With the NCAA tournament officially starting today (let's be real, the First Four isn't actually a part of the tournament), NBA Draft Season has begun in earnest. Now is the perfect time to pay attention to college ball for two weeks, see a player ride a three game hot streak, and decide that he actually has much better draft prospects than anyone had previously thought!
In all seriousness, the tournament is a good opportunity to get a look at some top prospects as they match up against their hardest competitions of the year. Here are some guys you might want to check out today.
Early Afternoon Games:
Brandon Ingram, Duke
Enough has been written about Ingram on this site that there's not much of a need to expand here. He is the only player who can reasonably challenge Simmons' ceiling in this draft. However, he has gone through a bit of a rough patch over the last few weeks. Look to see if he's bothered by physical defenders, and if he can make better use of putting the ball on the floor. His potential second round matchup against Taurean Prince could be a goodie.
Daniel Hamilton, Connecticut
A personal favorite of mine, Hamilton is a do-everything wing for the Huskies who has flown very much under the radar this year. He excelled in the Big East Tournament, where he put up 32 points and 12 rebounds in four overtimes against Cincinnati. He's not a great scorer, but he has an excellent feel for the game, with an outstanding AST% of 29.6%. If UConn makes a run this year, he'll be the engine behind it.
Monte Morris, Iowa State
Morris has been the ultimate point guard over the last three years for this Cyclones' squad. Sporting a record setting AST:TO ratio of 4.1 to 1, he has set the gold standard for managing a team's turnovers and maximizing basketball IQ. He's a decent shooter at 37% from three and 78% from the line for his career. Where he falls short is in his physical tools-- he's an average athlete with below average measurements for the point guard position. Watch how handles AJ English's size against Iona to see how he might deal with some of his limitations at the next level.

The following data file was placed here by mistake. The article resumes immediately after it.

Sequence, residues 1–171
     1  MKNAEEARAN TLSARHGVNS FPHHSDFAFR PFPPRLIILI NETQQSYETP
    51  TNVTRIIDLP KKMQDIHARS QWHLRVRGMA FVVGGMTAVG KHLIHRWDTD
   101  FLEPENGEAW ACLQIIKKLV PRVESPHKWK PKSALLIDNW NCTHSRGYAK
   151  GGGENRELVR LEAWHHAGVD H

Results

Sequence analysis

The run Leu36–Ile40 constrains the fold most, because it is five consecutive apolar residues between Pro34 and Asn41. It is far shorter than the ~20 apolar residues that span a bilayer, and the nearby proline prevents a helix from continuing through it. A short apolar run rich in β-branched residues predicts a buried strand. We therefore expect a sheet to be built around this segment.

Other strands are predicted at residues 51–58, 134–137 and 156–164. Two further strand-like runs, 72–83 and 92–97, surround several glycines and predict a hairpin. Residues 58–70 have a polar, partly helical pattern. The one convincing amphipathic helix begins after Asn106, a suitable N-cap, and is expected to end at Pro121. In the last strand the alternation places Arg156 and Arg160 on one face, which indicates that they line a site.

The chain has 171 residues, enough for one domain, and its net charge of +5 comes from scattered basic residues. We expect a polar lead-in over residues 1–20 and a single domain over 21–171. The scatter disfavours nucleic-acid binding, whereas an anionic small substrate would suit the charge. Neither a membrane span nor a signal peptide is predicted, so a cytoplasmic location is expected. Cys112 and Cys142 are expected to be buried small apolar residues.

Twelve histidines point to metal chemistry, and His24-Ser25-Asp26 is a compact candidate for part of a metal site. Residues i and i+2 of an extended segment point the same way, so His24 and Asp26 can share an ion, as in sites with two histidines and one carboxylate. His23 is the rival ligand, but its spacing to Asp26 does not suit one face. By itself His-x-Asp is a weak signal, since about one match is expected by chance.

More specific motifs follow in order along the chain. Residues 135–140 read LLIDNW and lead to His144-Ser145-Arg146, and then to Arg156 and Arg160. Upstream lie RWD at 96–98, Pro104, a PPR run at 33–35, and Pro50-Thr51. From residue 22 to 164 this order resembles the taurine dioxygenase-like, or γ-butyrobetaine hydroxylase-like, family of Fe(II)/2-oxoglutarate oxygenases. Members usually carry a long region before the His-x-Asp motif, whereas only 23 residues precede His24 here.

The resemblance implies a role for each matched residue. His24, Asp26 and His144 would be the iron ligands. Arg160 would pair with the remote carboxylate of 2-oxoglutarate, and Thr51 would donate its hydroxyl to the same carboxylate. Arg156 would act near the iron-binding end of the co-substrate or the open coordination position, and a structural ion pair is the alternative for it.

Taurean Prince, Baylor
If there's been one constant since Scott Drew came to Waco, it's been his ability to find long, strong athletes and convince them to play for Baylor. Prince is the latest iteration of that trend. He's the prototype for a hybrid wing in the NBA, standing 6'7 with a 6'11 wingspan and plus athleticism. He should be a strong candidate to guard both wing positions and the 4 at the next level, while providing some shooting and secondary playmaking ability from the wing. How he plays against Ingram could show a lot on both sides of the ball.
AJ Hammons, Purdue
Hammons is a behemoth of a center who has been Purdue's rock all season long. While he has experienced some academic issues this year, he's produced at an awesome level when he's been able to play, putting up an insane 25 points and 13 rebounds to go with 4 blocks per 40 minutes. Given the overabundance of centers on the Sixers, he's probably not going to wind up on this team, but he might be the most dominant low post force in the NCAA, and he'll be fun to watch while Purdue is still in the tournament.
Yogi Ferrell, Indiana
As a senior with average physical tools and lacking outstanding production, Ferrell's probably a long-shot to stick in the NBA. But as a college player, he has been a lot of fun. He's produced 20 points and 6 assists per 40 minutes this year on 59% True Shooting. He can score driving to the hoop and especially as a threat from deep. The questions for Ferrell will come on defense, where he's too small to have an impact, and he gets beaten too easily off the dribble. His 0.7 DBPM this year is his first positive DBPM since his freshman year-- not a good sign. Still, for a team in need of a floor general and shooting, he might be an undrafted free agent to pay attention to.
Thomas Bryant, Indiana
If you're interested in some deep cuts, Indiana-Kentucky (assuming both advance) is the game to watch. Bryant has shown some promise as a shooter this year, and given his outstanding 7'6 wingspan, teams hope that he might eventually develop into the white whale of NBA big men. As a freshman at IU, he's had his ups and downs, and hasn't yet displayed consistency as either a shooter or a shot blocker. The bigger issue for Bryant going forward may be how he handles defending in space. While he plays hard and has an outstanding motor, he has really struggled to contain penetration, which would kneecap his NBA career from the onset.
Jamal Murray, Kentucky
Everyone knows about the Wildcats' prospects. Murray may be the most likely selection if the Laker's pick conveys this year. The biggest question for him is his defense, where he has really struggled to put it together this year. Potentially playing against athletic guards from Indiana and North Carolina may help to demonstrate how far he still has to go, or if he's putting it together a bit more.
Kris Dunn, Providence
If you're looking for a franchise-leading point guard this year, Dunn is pretty much the only choice playing in the tournament. He has the size and the athleticism to play in the NBA, but it's his handle and shooting that are still posing questions to GM's. If he can't play without the ball and score efficiently with it, he may be a negative player at the next level. Still, he's produced eye-popping passing numbers for the second year in a row (42% AST rate), and has had to deal with a decidedly below average supporting cast outside of Ben Bentil. A second round matchup with Marcus Paige and North Carolina could be illuminating.